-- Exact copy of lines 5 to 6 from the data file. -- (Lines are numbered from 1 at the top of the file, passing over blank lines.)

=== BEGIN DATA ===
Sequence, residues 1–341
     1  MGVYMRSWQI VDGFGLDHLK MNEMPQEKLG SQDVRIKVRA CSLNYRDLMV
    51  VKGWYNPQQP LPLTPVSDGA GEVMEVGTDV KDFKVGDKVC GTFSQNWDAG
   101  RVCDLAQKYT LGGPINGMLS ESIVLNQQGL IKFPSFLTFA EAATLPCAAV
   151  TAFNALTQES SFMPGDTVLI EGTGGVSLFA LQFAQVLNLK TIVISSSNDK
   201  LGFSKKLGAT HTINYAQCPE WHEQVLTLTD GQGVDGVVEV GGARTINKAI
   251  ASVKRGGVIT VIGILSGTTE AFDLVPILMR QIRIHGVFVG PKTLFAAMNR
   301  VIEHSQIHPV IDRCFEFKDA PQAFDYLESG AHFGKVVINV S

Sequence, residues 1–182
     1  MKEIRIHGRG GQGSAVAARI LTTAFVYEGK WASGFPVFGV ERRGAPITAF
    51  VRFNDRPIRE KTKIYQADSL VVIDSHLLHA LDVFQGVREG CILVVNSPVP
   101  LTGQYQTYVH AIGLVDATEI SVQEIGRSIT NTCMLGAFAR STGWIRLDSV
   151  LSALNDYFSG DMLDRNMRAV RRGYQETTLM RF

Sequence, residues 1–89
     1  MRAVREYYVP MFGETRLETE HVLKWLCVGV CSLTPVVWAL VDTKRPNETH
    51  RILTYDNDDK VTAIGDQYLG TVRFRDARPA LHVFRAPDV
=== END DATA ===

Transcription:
   151  TAFNALTQES SFMPGDTVLI EGTGGVSLFA LQFAQVLNLK TIVISSSNDK
   201  LGFSKKLGAT HTINYAQCPE WHEQVLTLTD GQGVDGVVEV GGARTINKAI